I've just had the pleasure of reading a lovely book by Robin Reardon. Throwing Stones is, more than anything, a coming-of-age story about a young man who, like many of us these days, finds it difficult to truly be himself in a society that judges us for everything from our sexual orientation to our belief systems. The main character, Jesse Bryce, must contend against not just a family but a whole town that finds his homosexuality baffling and repellent. I'm sure there are plenty of folks out there who know just how that feels, and that's a sad thing. But Jesse perseveres, only to discover that he's drawn to another controversial subject: Paganism. On the outskirts of his tiny, myopic home town lives a neighborhood full of Pagans - the Village, as the townspeople call the place. Within the Village Jesse finds acceptance of who he really is, his own truth, while also battling the Pagans' concern over the dangers they're subjected to by the townspeople's prejudice.
I found Ms. Reardon's treatment of this constellation of difficult subjects to be thoughtful and mostly realistic. I did have a little trouble accepting the reality of a Pagan community full of people who are all vegetarian, totally truthful all the time, and totally cooperative and peaceful. Knowing what I do after being immersed in the real-world Pagan community for 25 years, I found that to be something of a utopian vision, perhaps something to strive for, but not entirely realistic.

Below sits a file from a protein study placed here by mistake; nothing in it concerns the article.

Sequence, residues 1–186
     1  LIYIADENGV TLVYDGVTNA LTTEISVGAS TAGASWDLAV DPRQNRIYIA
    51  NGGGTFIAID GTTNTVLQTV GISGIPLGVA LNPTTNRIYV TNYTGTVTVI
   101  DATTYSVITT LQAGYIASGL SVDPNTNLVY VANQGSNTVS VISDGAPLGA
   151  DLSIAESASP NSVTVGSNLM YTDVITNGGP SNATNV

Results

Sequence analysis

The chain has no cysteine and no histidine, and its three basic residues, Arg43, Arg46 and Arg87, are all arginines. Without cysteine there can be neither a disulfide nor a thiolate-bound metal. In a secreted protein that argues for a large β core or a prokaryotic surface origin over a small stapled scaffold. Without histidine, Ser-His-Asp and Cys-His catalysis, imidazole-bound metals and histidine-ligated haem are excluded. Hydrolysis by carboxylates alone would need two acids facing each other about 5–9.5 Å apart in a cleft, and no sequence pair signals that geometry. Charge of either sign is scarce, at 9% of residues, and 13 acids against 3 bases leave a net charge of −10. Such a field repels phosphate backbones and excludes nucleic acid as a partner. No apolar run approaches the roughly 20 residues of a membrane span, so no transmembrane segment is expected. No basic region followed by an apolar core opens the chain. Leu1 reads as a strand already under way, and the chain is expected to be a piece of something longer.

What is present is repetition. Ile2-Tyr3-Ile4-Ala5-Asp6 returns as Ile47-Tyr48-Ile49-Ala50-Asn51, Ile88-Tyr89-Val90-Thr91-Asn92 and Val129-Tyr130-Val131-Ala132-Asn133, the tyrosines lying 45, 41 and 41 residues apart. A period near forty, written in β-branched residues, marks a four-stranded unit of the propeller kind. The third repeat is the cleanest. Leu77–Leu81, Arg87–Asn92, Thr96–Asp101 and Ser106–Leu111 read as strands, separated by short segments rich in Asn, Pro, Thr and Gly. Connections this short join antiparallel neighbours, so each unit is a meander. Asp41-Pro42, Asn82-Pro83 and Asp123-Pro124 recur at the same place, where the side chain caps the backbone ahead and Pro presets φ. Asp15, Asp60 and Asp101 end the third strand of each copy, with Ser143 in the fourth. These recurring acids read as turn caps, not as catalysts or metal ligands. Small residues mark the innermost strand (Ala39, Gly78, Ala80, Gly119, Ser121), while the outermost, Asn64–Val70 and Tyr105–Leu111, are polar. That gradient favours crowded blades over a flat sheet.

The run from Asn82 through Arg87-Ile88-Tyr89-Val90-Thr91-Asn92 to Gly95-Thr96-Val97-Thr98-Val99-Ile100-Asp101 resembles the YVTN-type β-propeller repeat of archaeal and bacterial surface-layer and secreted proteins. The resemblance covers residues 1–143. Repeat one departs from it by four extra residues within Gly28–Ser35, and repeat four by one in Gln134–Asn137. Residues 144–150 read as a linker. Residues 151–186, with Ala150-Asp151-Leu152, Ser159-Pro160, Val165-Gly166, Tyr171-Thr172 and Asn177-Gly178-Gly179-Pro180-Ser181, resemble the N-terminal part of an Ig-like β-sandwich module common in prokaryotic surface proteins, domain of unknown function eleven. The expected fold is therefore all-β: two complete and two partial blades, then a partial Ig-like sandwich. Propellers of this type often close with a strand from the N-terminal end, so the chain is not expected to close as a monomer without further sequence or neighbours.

Unfortunately, I did find the depiction of the 'townies' with their vandalism and attacks on the local Pagans to be sadly realistic. Having witnessed that sort of behavior myself, I know it does actually happen. But the story makes it clear that, like in real life, it's mostly a few really bad eggs who do the worst damage. And the rest of the people can often be reached through gentle education and patience, which Jesse inspires among not just his family but the whole community. All this, while he's struggling to figure out who he really is. And who he really is - well, that turns out to be someone a lot stronger and deeper than he thought he was.
NOTE: This book is classified as paranormal romance. If you pick it up looking for the usual fantasy/sci-fi content found in the paranormal romance category, you're not going to find that here. The Pagans in this novel are not fantasy witches but real people. I don't know why the book is classified this way, and given a choice, I'd change the classification. Among other things, calling Paganism 'paranormal' borders on offensive to those of us who are practicing Pagans.